BT does have a solution to this, and it is called BT OneBill. It consolidates all a customer’s bills into a single account. Problem solved – well, partly. First, the SME has to push hard to get a OneBill account. BT does not make this easy. It took over six months for Enterprise Times to get such an account. Even then, there were problems. BT created a new customer login, but despite repeated requests for access to download bills, BT didn’t send that out for over six months.

Once received, it highlighted several additional issues, such as billing errors on the account created by the move to OneBill. Broadband, for example, was double billed. It was only discovered when access to OneBill was finally granted and costs were questioned.

Who is responsible for detecting billing errors?

According to one BT Billing complaints team member, the responsibility lies with the customer to detect errors. BT does not take responsibility for detecting mistakes. Unless a customer complains, then nothing is done. In the case of Enterprise Times, it was not just the problem of no access to the OneBill system. Another issue was getting someone to provide the exact billing figure per service per month. That figure was only confirmed after the Office of the CEO handled the complaint.

Costs are supposed to be part of the initial contract. In the case of Enterprise Times, costs kept changing before the migration OneBill due to other issues and errors on the account. Over the contract period, there have been numerous credit notes provided by BT. These further complicate keeping an accurate track of the account.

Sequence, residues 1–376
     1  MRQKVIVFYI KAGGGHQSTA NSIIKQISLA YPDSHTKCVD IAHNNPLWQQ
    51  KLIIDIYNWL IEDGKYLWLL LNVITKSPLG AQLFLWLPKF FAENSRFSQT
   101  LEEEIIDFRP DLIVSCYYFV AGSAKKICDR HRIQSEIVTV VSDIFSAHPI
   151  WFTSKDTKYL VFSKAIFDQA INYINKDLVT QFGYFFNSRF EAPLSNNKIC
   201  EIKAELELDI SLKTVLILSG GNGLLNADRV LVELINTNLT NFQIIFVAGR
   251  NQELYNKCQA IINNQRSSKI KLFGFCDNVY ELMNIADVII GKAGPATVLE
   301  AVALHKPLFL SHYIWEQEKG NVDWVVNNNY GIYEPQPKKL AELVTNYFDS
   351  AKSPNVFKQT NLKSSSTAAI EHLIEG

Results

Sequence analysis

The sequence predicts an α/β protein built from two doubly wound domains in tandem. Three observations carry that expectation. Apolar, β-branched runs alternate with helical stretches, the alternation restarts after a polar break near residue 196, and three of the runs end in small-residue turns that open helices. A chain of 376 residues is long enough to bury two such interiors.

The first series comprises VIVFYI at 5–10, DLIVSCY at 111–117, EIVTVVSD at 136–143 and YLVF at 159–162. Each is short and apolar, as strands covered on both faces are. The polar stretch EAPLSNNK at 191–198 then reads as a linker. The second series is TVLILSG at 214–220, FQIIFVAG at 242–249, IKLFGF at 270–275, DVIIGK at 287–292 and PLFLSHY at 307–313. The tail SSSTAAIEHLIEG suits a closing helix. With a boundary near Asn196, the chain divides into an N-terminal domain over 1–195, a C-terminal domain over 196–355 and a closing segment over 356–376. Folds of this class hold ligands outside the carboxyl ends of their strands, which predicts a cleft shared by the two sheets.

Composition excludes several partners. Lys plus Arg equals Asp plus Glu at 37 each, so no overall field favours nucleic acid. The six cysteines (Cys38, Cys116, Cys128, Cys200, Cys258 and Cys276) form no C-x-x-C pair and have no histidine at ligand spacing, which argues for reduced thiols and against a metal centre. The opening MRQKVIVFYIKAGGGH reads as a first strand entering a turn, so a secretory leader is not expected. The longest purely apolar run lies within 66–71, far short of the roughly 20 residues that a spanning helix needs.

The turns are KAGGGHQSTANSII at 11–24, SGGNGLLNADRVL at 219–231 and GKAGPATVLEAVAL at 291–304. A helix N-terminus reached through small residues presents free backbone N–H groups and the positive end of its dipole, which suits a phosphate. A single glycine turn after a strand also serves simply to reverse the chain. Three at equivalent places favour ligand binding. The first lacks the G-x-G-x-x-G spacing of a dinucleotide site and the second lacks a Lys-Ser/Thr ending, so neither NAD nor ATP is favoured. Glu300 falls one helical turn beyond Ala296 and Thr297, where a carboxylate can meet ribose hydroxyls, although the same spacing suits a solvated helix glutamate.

Putting the onus on customers also means that just issuing a credit note for mistakes is not enough. SMEs should be willing to ask for compensation and be willing to push for it. SMEs should track the time and effort required to get a resolution, and that means costing out the time spent on a telephone call rather than doing other work. It is something many SMEs don’t do well enough.

It is not only SMEs that have this problem. Any organisation, large or small that opens and closes offices or changes services frequently can also struggle even with single billing solutions. Time is often lost picking up mistakes and chasing for refunds and compensation.

When Enterprise Times originally asked for compensation, it was offered just £25 for billing errors going back months. Eventually, a much higher figure was arrived at, with BT telling us they have no idea where the Billing Complaints Team got the £25 figure.

A wider problem than many realise